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Conflicts of interest and neurointerventional surgery
  1. Jackson P Midtlien1,
  2. Ankitha M Iyer1,
  3. Brie S Jones1,
  4. Carol Kittel2,
  5. Joshua A Hirsch3,
  6. Kyle M Fargen1
  1. 1 Neurological Surgery and Radiology, Wake Forest School of Medicine, Winston-Salem, North Carolina, USA
  2. 2 Biostatistics, Wake Forest University School of Medicine, Winston-Salem, North Carolina, USA
  3. 3 Massachusetts General Hospital, Boston, Massachusetts, USA
  1. Correspondence to Jackson P Midtlien, Neurological Surgery and Radiology, Wake Forest School of Medicine, Winston-Salem NC 27101, North Carolina, USA; jmidtlie{at}

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Conflicts of interest (COI) in physician-industry relations have existed in medical practice, research, and education for many decades. A national survey in 2007 showed that 94% of physicians reported being involved in some type of relationship with pharmaceutical and/or medical device companies.1 More recently, there has been a push to increase transparency of these relationships so as to enhance patient confidence and trust. While recent federal policy developments have furthered efforts at transparency, the impact of these efforts remains uncertain.

Industry involvement in medicine has helped drive the development of many groundbreaking drugs and devices.2 Bearing that in mind, financial relationships have been shown to put patients at potential risk. In a systematic review of the financial transfers between pharmaceutical companies and physicians, Spurling et al found that the majority of these transfers led to higher prescribing rates, higher costs, and lower prescribing quality.3 In 2013, two physicians were found guilty of implanting defibrillators and pacemakers into their patients without disclosing that they were being paid an additional $400 to $1250 by the company to train and certify their sales representatives.4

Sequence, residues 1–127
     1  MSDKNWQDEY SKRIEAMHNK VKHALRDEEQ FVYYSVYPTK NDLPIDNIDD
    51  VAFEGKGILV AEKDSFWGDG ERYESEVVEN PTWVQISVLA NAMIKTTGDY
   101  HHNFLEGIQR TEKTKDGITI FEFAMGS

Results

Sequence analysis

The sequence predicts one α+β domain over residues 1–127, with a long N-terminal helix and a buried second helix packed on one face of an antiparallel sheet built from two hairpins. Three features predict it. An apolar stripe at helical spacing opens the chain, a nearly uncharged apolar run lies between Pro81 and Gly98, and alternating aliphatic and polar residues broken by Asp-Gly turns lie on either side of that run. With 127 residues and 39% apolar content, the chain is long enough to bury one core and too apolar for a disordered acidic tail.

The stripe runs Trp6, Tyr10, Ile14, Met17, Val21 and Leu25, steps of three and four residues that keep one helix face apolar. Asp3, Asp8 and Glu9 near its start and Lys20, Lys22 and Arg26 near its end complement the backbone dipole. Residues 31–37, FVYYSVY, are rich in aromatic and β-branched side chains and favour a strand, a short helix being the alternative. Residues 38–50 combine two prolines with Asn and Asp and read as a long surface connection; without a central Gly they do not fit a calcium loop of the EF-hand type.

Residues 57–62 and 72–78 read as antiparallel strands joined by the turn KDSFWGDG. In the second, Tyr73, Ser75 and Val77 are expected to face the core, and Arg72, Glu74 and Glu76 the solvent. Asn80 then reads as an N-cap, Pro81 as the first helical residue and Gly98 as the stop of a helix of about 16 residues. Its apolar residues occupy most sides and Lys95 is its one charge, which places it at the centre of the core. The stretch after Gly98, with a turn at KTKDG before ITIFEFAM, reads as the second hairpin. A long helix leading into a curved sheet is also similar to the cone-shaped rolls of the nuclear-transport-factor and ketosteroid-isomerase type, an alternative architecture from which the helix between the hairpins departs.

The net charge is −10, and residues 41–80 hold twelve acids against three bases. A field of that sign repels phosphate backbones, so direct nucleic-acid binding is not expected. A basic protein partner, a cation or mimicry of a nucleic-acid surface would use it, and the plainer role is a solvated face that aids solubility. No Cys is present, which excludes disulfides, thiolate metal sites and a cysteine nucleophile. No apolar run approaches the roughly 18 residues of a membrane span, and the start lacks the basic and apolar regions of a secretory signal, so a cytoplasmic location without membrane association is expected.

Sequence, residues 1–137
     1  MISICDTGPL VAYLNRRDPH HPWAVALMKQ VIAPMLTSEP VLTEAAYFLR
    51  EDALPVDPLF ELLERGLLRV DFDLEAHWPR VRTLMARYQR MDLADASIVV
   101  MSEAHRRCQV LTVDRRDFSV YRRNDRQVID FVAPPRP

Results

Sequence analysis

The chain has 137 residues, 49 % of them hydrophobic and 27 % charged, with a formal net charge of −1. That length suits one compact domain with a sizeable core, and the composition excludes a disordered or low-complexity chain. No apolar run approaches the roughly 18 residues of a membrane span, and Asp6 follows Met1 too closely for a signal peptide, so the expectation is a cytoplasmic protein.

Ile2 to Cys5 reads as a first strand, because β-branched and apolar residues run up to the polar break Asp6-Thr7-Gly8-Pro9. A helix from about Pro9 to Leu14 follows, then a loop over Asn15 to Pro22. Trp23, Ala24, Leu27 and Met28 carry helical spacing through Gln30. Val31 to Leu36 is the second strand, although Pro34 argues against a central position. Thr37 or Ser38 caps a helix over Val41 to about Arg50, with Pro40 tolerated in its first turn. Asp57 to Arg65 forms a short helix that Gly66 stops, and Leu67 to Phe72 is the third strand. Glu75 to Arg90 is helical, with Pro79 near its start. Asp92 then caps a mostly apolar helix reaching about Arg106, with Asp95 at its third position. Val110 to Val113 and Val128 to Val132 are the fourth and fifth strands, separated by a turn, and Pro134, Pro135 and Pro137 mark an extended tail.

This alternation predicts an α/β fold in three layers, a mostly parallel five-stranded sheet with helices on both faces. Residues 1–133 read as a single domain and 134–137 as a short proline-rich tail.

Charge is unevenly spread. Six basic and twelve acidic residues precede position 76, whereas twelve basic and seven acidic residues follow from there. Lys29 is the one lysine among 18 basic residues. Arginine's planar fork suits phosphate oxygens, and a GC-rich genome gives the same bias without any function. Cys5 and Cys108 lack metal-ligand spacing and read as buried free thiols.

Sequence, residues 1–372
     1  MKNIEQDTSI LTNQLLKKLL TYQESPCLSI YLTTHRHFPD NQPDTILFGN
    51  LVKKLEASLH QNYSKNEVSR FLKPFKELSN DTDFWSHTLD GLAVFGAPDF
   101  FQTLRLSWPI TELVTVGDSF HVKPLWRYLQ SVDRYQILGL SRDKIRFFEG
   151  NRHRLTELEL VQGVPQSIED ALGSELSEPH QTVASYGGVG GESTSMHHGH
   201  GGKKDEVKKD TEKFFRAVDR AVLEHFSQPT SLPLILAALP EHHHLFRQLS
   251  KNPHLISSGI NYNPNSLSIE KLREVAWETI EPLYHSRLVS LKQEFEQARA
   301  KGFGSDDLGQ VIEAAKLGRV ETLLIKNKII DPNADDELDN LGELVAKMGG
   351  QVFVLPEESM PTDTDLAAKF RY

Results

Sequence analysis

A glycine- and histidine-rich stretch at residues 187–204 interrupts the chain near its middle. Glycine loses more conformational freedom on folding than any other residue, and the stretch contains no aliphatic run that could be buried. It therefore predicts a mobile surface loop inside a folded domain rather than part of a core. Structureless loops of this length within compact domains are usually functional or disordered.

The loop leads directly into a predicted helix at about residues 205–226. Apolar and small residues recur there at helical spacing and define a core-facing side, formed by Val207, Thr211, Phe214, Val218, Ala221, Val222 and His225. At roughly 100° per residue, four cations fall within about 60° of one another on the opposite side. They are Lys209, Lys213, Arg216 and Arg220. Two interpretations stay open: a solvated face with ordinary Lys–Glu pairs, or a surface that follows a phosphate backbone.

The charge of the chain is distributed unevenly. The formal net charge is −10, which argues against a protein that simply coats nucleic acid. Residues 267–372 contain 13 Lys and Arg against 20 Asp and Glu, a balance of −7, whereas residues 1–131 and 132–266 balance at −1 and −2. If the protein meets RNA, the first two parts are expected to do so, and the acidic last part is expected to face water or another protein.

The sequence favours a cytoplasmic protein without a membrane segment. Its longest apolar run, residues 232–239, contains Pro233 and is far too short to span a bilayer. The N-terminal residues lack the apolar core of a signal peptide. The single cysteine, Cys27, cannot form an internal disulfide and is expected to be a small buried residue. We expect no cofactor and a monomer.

Physician–industry relations involving medical devices are naturally more prevalent in surgical specialties.2 Neurointerventional surgery is heavily dependent on device innovation. A study in 2011 acknowledged that physician–industry relationships are essential to the advancement and innovation of practice while stressing the need for openness and strict ethical standards among COI development.2 Regardless, developmental progression and incorporation into practice of each device relies on its ability to demonstrate safe practice and improved outcomes through research and clinical trials.

Analysis of the impact of financial COI has not previously been performed in neurointerventional surgery. Additionally, the relationships between COI, bibliometric markers, and individual academic productivity have not been examined. Given the seemingly vital nature of industry …

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  • Contributors Study design: KF. Data collection: JM, AI, BJ. Statistical analysis: CK. Manuscript composition: JM, JH, CK, KF. Final approval of manuscript: all authors. Guarantor: KF.

  • Funding The authors have not declared a specific grant for this research from any funding agency in the public, commercial or not-for-profit sectors.

  • Competing interests KF and JH serve on the editorial board of JNIS.

  • Provenance and peer review Not commissioned; externally peer reviewed.

  • Supplemental material This content has been supplied by the author(s). It has not been vetted by BMJ Publishing Group Limited (BMJ) and may not have been peer-reviewed. Any opinions or recommendations discussed are solely those of the author(s) and are not endorsed by BMJ. BMJ disclaims all liability and responsibility arising from any reliance placed on the content. Where the content includes any translated material, BMJ does not warrant the accuracy and reliability of the translations (including but not limited to local regulations, clinical guidelines, terminology, drug names and drug dosages), and is not responsible for any error and/or omissions arising from translation and adaptation or otherwise.